Google Domain Factors

To understand the complexity of seo you should already know that Google uses over 200 ranking factors in their algorithm to determine which of the pages is relevant and worth increasing in search rankings. In the following we will dedicate interesting articles to the main factors that are integrated in the Google algorithm.

1. Domain Age: In this video, Google’s Matt Cutts states that:

“The difference between a domain that’s six months old versus one year old is really not that big at all.”

In other words, they do use domain age. But it’s not that important.

2. Keyword Appears in Top Level Domain: Having a keyword in your domain name doesn’t give you the SEO boost that it used to. But it still acts as a relevancy signal.

3. Keyword As First Word in Domain: A domain that starts with their target keyword has an edge over sites that either don’t have that keyword in their domain (or have the keyword in the middle or end of their domain).

4. Domain registration length: A Google patent states:

“Valuable (legitimate) domains are often paid for several years in advance, while doorway (illegitimate) domains rarely are used for more than a year. Therefore, the date when a domain expires in the future can be used as a factor in predicting the legitimacy of a domain.”

5. Keyword in Subdomain: Moz’s expert panel agrees that a keyword appearing in the subdomain can boost rankings.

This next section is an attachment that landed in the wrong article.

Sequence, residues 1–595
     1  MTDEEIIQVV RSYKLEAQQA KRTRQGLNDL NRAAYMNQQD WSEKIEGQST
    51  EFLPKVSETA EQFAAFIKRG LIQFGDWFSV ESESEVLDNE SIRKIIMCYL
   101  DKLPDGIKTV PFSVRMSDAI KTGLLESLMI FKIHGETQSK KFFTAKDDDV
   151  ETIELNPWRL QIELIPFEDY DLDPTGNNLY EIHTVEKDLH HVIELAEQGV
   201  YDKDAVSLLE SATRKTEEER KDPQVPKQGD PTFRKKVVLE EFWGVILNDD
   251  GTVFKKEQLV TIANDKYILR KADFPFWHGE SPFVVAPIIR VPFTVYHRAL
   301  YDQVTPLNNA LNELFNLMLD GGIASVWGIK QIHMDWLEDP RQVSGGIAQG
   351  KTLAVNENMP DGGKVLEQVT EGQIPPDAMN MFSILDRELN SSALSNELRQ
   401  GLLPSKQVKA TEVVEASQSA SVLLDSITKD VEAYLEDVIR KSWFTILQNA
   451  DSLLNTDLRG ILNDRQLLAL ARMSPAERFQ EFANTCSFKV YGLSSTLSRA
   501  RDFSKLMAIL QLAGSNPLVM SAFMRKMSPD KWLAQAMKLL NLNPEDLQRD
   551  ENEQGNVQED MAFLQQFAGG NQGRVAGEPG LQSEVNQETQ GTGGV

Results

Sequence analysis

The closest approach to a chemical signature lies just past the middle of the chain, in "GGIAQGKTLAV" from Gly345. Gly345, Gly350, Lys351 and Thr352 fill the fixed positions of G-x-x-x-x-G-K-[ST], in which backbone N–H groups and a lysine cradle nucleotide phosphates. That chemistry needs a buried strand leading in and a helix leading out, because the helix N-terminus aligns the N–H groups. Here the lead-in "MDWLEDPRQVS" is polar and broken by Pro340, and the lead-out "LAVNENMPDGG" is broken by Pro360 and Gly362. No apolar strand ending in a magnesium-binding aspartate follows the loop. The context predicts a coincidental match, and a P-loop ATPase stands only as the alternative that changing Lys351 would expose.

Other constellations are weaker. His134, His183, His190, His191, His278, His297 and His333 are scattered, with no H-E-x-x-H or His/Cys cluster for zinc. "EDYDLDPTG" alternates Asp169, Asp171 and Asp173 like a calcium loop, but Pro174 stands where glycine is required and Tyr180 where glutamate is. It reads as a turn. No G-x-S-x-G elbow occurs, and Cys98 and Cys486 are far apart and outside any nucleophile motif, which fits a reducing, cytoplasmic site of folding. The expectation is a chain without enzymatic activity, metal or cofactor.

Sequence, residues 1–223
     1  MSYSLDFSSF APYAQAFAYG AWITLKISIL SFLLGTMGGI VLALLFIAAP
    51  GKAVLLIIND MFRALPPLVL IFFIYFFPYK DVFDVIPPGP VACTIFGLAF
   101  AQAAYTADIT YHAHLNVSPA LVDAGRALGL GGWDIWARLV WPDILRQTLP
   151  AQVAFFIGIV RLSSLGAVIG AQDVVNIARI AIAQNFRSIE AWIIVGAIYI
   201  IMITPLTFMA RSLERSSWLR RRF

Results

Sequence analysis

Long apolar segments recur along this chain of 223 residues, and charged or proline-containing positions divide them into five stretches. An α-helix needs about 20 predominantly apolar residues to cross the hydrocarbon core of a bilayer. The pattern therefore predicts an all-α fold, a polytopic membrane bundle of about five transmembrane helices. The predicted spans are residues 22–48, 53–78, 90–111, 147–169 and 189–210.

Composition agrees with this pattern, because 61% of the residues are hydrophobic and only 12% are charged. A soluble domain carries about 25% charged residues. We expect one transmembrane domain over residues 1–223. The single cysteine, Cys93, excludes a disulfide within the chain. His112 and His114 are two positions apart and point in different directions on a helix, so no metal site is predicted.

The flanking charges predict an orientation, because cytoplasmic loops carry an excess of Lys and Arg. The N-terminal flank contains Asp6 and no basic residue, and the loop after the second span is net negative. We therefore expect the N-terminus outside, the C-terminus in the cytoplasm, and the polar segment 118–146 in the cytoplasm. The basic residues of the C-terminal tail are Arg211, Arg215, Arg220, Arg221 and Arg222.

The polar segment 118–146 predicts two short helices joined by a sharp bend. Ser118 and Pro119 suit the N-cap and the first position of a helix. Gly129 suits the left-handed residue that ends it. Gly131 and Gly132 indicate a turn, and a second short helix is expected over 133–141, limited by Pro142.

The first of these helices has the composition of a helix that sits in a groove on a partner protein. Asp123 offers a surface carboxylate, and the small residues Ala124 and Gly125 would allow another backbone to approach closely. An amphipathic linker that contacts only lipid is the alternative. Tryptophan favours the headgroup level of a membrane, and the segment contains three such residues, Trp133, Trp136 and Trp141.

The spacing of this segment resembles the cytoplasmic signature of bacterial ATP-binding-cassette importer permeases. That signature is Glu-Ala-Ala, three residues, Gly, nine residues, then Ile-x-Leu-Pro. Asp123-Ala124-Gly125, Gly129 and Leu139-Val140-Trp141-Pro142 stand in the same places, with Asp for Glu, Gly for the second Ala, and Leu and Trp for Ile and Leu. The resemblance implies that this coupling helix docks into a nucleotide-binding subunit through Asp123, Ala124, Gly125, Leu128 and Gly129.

keyword appears in subdomain

6. Domain History: A site with volatile ownership or several drops may tell Google to “reset” the site’s history, negating links pointing to the domain. Or, in certain cases, a penalized domain may carry the penalty over to the new owner.

7. Exact Match Domain: Exact Match Domains may still give you slight edge. But if your EMD happens to be a low-quality site, it’s vulnerable to the EMD update.

Google EMD update

8. Public vs. Private WhoIs: Private WhoIs information may be a sign of “something to hide”. Googler Matt Cutts is quoted as stating:

“…When I checked the whois on them, they all had “whois privacy protection service” on them. That’s relatively unusual. …Having whois privacy turned on isn’t automatically bad, but once you get several of these factors all together, you’re often talking about a very different type of webmaster than the fellow who just has a single site or so.”

9. Penalized WhoIs Owner: If Google identifies a particular person as a spammer it makes sense that they would scrutinize other sites owned by that person.

10. Country TLD extension: Having a Country Code Top Level Domain (.cn, .pt, .ca) can help the site rank for that particular country… but it can limit the site’s ability to rank globally.

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